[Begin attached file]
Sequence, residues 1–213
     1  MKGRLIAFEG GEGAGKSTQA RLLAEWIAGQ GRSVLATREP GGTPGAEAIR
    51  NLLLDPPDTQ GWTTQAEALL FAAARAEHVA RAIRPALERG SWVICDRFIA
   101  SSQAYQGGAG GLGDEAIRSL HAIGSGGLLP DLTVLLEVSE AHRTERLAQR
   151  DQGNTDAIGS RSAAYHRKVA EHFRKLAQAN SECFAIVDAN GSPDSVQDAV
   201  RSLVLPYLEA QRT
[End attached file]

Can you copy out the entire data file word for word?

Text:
Sequence, residues 1–213
     1  MKGRLIAFEG GEGAGKSTQA RLLAEWIAGQ GRSVLATREP GGTPGAEAIR
    51  NLLLDPPDTQ GWTTQAEALL FAAARAEHVA RAIRPALERG SWVICDRFIA
   101  SSQAYQGGAG GLGDEAIRSL HAIGSGGLLP DLTVLLEVSE AHRTERLAQR
   151  DQGNTDAIGS RSAAYHRKVA EHFRKLAQAN SECFAIVDAN GSPDSVQDAV
   201  RSLVLPYLEA QRT